Heller v. Wolner

Annotate this Case

269 N.W.2d 31 (1978)

Deane HELLER, petitioner, Appellant, v. Herbert E. WOLNER, Respondent. STATE of Minnesota, DEPARTMENT OF PUBLIC SAFETY, Appellant, v. Larry Dennis GLOVKA, Respondent. STATE of Minnesota, DEPARTMENT OF PUBLIC SAFETY, Respondent, v. Joseph Lowrey WOLTERS, Appellant.

Nos. 48063, 48250, 48077 and 48062.

Supreme Court of Minnesota.

July 14, 1978.

*32 Stewart R. Perry, Minneapolis, for appellant Deane Heller.

Warren Spannaus, Atty. Gen., Craig R. Anderson, Sp. Asst. Atty. Gen., St. Paul, for respondents, Wolner and State.

Warren Spannaus, Atty. Gen., and Bernard Johnson, Sp. Asst. Atty. Gen., St. Paul, for appellant State.

Larry Dennis Glovka, pro se.

Memmer, Caswell, Parks & Beck, St. Paul, for appellant Wolters.

Heard before PETERSON, KELLY and YETKA, JJ., and considered and decided by the court en banc.

PETERSON, Justice.

These three cases arose separately and were consolidated on appeal. The issue in each case is whether the county or municipal court lost jurisdiction over proceedings to revoke a motorist's driver's license because the court failed to hold a hearing or grant a continuance within the 30-day period specified in Minn.St.1976, § 169.127, subd. 3.[1] We hold that jurisdiction was not lost because the 30-day period is directory and not a limitation on the court's jurisdiction.

The facts of the three cases are parallel and undisputed. The motorists were arrested *33 for driving while under the influence of alcohol and consented to blood tests. When the test results indicating intoxication were reported to the commissioner of public safety, he sent the motorists notice of his intention to revoke their driver's licenses for 90 days. Each motorist elected to contest the revocation and within the 20-day period specified in Minn.St.1976, § 169.127, subd. 2, sent the commissioner a request for a judicial hearing.

Upon receiving the request for a hearing, the commissioner in each case filed a petition in county or municipal court to revoke the motorist's license. The court then set the date of the hearing. At the time these cases arose, § 169.127, subd. 3, stated in part:

"* * * The hearing shall be heard as early as practicable but not to exceed 30 days from the receipt of request for hearing unless the court grants a continuance of the hearing."

In the three cases before us, the hearings were held 43, 92, and 128 days after the requests were received. The motorists' licenses remained valid during these periods, and there is no contention that the delay resulted in any actual prejudice to them.

1. The motorists argue that the statutory word "shall" is mandatory rather than permissive and should therefore be considered a limitation on the court's jurisdiction. The state concedes noncompliance with the statutory period, but notes that the statute is silent as to the consequences of noncompliance. In our view, this case comes squarely within "the well established rule of statutory construction that statutory provisions defining the time and mode in which public officers shall discharge their duties, and which are obviously designed merely to secure order, uniformity, system, and dispatch in public business, are generally deemed directory." Wenger v. Wenger, 200 Minn. 436, 438, 274 N.W. 517, 518 (1937), relying on Vogle v. Grace, 5 Minn. 232 (294) (1861). In Wenger, we noted that courts should make every effort to comply with directory time periods. But since the statute there did not provide any consequences to the parties for the court's failure to act, we held that the "failure to act within the time specified does not deprive the court of the power to act afterward and render a valid decision." 200 Minn. 440, 274 N.W. 519.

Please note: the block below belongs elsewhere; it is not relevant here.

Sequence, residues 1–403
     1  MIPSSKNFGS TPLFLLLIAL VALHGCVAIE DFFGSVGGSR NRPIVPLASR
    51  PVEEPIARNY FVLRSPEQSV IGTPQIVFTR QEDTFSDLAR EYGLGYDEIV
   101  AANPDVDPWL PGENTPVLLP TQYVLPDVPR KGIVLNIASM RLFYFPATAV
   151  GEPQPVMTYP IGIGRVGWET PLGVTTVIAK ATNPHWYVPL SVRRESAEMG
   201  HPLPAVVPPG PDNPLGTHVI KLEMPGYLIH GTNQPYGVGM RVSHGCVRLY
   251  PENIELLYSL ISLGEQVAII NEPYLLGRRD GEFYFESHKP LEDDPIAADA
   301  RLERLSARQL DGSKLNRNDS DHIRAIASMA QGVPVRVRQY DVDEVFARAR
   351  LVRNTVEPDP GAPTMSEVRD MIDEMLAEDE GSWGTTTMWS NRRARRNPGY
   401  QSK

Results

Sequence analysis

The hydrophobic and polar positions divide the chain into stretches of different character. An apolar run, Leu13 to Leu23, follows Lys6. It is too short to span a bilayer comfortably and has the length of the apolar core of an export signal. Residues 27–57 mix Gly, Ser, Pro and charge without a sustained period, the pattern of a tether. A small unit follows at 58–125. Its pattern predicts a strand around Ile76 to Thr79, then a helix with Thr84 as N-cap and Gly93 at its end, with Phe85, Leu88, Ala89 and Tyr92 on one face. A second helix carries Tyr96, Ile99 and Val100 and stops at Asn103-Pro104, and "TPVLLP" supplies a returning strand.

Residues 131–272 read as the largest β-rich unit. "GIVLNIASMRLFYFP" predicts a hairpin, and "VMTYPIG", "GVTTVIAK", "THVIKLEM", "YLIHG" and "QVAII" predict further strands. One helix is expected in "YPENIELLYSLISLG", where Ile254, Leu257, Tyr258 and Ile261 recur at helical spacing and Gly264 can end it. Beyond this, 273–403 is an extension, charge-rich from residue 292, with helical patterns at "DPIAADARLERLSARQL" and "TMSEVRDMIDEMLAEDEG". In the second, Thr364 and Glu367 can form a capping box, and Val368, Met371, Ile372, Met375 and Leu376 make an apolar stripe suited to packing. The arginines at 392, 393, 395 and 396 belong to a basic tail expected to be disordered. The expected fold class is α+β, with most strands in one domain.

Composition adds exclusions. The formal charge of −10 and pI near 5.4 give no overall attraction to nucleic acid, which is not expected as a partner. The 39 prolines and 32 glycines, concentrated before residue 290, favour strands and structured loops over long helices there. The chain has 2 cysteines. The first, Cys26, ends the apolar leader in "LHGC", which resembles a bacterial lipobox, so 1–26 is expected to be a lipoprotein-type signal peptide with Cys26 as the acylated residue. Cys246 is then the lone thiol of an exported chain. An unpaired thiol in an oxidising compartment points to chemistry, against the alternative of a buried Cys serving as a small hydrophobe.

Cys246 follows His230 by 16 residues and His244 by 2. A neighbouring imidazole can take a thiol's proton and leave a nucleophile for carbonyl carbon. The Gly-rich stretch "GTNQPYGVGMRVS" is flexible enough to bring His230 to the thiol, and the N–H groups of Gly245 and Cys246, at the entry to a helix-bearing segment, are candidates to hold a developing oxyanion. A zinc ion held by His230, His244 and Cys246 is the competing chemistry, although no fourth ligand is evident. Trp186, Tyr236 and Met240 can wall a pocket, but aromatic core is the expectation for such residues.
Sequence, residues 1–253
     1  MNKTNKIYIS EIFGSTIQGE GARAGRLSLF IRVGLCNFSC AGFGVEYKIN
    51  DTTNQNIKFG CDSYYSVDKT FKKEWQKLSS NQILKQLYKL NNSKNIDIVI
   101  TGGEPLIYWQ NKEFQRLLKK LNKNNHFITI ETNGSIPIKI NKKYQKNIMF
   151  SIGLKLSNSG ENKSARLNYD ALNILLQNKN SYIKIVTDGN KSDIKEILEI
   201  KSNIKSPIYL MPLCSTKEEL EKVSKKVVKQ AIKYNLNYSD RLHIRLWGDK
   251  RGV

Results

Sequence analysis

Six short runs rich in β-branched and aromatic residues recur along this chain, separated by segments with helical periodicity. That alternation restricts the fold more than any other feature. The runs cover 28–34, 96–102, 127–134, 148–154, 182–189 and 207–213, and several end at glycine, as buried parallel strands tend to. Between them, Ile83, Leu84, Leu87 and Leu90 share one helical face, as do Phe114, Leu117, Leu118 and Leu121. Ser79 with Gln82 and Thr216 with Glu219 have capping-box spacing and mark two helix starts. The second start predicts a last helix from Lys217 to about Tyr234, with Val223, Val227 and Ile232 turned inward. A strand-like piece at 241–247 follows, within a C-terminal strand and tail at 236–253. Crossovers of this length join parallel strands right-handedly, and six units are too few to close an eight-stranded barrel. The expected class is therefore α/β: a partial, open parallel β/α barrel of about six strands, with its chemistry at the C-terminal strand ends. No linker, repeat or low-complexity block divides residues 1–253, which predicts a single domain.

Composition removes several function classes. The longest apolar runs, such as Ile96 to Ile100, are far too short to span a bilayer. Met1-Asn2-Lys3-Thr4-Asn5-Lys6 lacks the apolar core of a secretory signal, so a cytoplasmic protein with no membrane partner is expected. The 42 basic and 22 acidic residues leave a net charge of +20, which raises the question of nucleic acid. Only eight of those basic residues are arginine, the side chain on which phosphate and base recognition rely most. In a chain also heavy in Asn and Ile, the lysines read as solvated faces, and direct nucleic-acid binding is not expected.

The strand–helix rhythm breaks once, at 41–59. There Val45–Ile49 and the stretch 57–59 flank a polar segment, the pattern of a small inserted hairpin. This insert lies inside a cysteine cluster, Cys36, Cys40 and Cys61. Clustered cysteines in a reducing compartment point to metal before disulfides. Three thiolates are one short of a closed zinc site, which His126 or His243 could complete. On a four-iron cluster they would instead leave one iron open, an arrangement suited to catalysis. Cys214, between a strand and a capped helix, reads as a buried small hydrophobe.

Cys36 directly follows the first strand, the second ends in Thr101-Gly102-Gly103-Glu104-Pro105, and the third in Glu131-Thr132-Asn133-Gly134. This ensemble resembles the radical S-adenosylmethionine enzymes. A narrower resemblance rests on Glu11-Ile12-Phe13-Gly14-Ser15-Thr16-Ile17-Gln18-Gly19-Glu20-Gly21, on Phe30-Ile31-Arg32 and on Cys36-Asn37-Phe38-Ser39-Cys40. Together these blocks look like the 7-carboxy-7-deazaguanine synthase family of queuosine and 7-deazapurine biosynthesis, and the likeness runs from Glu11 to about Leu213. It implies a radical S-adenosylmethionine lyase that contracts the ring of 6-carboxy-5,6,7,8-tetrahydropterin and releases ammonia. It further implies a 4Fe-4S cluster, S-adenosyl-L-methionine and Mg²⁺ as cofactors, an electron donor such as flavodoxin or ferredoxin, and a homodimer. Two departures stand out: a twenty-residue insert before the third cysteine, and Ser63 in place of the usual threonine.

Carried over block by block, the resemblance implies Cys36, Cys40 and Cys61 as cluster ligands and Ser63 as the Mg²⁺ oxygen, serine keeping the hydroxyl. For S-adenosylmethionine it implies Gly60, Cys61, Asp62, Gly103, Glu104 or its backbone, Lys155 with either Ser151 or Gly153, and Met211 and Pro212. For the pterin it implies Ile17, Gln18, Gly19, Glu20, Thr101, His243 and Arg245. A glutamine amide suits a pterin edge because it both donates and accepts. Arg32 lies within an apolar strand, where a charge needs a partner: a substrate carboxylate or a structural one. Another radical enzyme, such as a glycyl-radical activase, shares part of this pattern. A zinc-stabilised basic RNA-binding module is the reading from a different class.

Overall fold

The principles set out in Wenger were recently reaffirmed in First Nat. Bank of Shakopee v. Dept. of Commerce, 310 Minn. 127, 245 N.W.2d 861 (1976), and are directly applicable to the present case. In the present case, the statute does not specify any consequence for failure to hold the hearing within the 30-day period and does provide that the motorist's license remains valid until a final judicial determination has been made. These features reinforce the directory nature of the statute's 30-day hearing provision and minimize or eliminate any prejudice to the motorist. Thus, we hold that the county and municipal courts did not lose jurisdiction because of noncompliance with the 30-day period.

2. The motorist in Appeal No. 48062 raises the additional question of whether his blood-test results should be suppressed because he was not informed that he could consult an attorney before deciding whether to consent to take the test. In Prideaux v. State, Dept. of Public Safety, 310 Minn. 405, 247 N.W.2d 385 (1976), we departed from an earlier case and held that a motorist should be informed he had the right to consult an attorney before deciding whether to consent to a test. But we indicated upon petition for rehearing that our holding in Prideaux had prospective application only. Since the motorist in Appeal No. 48062 consented to and took the blood-alcohol test prior to October 8, 1976, the date the Prideaux decision was rendered, the county court correctly held that the motorist need not have been informed that he could first consult an attorney.

Appeal Nos. 48077 and 48062 are affirmed; Appeal Nos. 48063/48250 is reversed.


[1] Minn.St.1976, § 169.127 has since been repealed by L.1978, c. 727, § 11, and reincorporated with modifications in § 169.123, subd. 6. The new statute does not set a time limit for the hearing. Thus, the central issue in this case is nonrecurring.